How we did it: Consulting on strategic sites quickly and cheaply

Bringing together site promoters and local residents was key to East Hampshire District Council's speedy large sites consultation, writes Mark Wilding.

Local people taking part in a drop-in consultation event
Local people taking part in a drop-in consultation event

Project: Large sites consultation

Organisations involved: East Hampshire District Council, ten site promoters and their consultants

In February, East Hampshire District Council sought residents’ views on a new local plan – including two major site allocations. In planning terms, the authority believed its chosen sites made sense, but residents voiced opposition to the proposals. The consultation also revealed potential alternatives.

Victoria Potts, planning policy manager at East Hampshire District Council, explains how the consultation findings were received by officers. "We took a step back and thought, we need to go out to the public and to statutory consultees and put all the options on the table," she says.

Time, however, was an issue. A decision to launch a new consultation was taken in June – one month after the council’s existing local plan turned five years old. Local plans now have to be reviewed every five years and the consultation was seen by the local authority as a key part of the review process. As a result, the process needed to be quick and cost-effective. Potts recalls thinking: "How can we do this in terms of the timescale but also budget, because this is an additional consultation that we hadn’t planned for at the outset?"

When officers considered the various kinds of questions typically posed by local residents, they developed an unusual solution. In partnership with site promoters, they delivered a total of six consultation events for residents, preceded by a private briefing for councillors. Normally, councils act as intermediaries and promoters are not directly involved. "The public want to engage in the detail of what is being proposed on site," says Potts. "So, we thought it would be really helpful to have the site promoters on board to present their sites and explain their vision, what work they had done, what stage they are at and also to hear the views of local people."

The promoters of ten large sites were invited to come on board. Troy Hayes, managing director at Troy Planning, who represents one of the site promotion teams, says: "From our perspective, it was great. We had an opportunity to explain the merits and constraints of our site with elected members and the public."

Promoters were issued with a template to follow when producing materials for the consultation process, including details of what could and could not be submitted. "The feeling was that this was going to be a level playing field going forward – that all the site promoters would have to follow a certain set of rules," says Hayes. "That was a real positive."

Potts points out that this approach was intended to head off any potential pitfalls in getting developers involved before they arose. She points out that this was a formal regulation 18 local plan consultation, so it had to be run according to the rules.

"By involving the site promoters, there is a risk that it’s a free-for-all and it’s not run as a formal consultation, and we wouldn’t get what we needed," she says. Providing a clear set of rules for promoters to follow meant "being very specific about the number of banners and the information as well as making sure what was presented was what the public needed to see", she adds.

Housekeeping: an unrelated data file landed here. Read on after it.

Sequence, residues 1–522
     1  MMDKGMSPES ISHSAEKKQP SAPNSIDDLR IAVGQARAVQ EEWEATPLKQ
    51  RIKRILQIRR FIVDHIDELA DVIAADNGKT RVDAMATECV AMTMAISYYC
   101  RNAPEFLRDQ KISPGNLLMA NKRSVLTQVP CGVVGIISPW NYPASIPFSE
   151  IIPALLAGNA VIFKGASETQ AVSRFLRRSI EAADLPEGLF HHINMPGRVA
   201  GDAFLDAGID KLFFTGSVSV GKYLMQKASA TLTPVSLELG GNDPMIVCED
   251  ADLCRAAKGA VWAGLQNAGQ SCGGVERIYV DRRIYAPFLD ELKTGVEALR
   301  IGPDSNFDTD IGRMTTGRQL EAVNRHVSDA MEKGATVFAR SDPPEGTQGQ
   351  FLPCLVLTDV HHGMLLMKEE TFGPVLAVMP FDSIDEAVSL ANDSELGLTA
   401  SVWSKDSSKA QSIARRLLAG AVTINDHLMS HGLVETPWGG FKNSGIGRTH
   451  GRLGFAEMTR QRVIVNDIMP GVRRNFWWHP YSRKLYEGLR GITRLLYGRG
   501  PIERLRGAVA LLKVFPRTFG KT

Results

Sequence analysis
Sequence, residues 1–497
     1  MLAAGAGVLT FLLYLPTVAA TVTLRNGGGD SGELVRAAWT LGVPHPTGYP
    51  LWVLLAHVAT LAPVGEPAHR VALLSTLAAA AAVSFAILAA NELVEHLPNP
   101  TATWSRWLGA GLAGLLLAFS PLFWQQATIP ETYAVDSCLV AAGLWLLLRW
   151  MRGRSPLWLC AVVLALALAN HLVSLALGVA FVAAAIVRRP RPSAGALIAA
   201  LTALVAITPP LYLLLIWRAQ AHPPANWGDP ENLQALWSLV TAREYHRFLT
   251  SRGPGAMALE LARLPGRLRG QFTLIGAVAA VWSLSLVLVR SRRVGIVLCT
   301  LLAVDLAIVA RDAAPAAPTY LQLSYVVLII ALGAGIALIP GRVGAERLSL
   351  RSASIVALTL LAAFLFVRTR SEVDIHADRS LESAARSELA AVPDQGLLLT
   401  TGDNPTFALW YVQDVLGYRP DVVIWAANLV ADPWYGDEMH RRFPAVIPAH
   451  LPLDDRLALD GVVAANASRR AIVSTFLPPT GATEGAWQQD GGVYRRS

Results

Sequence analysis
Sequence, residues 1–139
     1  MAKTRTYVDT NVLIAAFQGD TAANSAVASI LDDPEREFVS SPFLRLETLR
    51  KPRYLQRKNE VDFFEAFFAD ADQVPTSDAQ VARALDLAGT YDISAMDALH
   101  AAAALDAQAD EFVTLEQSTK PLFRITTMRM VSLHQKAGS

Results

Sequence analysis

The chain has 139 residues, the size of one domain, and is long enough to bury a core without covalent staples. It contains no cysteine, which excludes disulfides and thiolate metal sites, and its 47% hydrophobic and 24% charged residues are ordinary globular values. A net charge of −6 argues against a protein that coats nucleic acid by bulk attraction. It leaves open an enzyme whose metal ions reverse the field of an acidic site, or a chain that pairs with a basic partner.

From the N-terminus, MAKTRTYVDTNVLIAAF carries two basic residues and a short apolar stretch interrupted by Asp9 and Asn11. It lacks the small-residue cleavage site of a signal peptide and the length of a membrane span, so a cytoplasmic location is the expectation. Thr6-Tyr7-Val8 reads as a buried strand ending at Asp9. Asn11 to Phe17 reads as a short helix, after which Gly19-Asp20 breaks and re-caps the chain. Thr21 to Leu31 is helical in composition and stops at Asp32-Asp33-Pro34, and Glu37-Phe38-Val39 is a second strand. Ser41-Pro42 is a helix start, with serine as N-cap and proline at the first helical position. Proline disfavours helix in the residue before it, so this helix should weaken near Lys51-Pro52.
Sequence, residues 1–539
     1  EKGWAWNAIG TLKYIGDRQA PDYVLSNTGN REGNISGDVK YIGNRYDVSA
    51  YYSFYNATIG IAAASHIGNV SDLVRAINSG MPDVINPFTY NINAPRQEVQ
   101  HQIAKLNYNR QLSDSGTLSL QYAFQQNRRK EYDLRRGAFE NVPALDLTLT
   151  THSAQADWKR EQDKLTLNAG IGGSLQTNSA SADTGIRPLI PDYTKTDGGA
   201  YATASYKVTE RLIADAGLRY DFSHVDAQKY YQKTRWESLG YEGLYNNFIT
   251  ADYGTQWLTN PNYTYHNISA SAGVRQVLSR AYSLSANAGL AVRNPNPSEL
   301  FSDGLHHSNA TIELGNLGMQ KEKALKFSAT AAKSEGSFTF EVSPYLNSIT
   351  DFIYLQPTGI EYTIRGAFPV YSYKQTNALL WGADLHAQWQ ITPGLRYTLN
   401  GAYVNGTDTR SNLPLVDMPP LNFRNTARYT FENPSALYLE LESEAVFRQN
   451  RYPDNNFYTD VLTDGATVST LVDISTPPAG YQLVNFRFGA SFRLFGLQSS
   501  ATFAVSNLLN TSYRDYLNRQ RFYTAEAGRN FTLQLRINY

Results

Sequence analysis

When promoters were invited to make their case to councillors, the process involved a similarly strict approach. For instance, each promoter only had ten minutes and was told that they were there to talk about their site only and not to compare it to any others. "We were very specific and made sure it wasn’t approached as a competition," says Potts.

The first public event was held in early September – three months after the decision was taken to launch the consultation. Nearly 200 people attended and were able to access detailed information about the ten potential sites.

Potts believes that getting the site promoters involved helped to improve the standard of consultation that could be achieved in a three-month period and also saved the council money. "There’s been a level of information produced by the site promotion teams we could never have produced as a council," she says. "We haven’t quantified the [savings], but it’s certainly thousands of pounds."

Hayes says this approach to consultation has been equally valuable from a site promoter’s perspective. "It’s definitely good for relationship building with the local authority, with local people, and it does make things a little more accountable," he says.

It also helped to provide promoters with an insight into the local plan production process, he adds. "It’s not typical to be in the same room as nine other site promoters," says Hayes. "It helps site promoters have a slightly more objective view of the decision that local authority members and officers have to take."

By the end of the year, East Hampshire District Council intends to decide which sites will be included in its revised local plan. Whatever happens, Hayes sees value in the process. "Obviously we’d hope to be selected," he says. "But the important thing for us to know is that the consultation has been thorough and everyone has had the opportunity to put their best foot forward."

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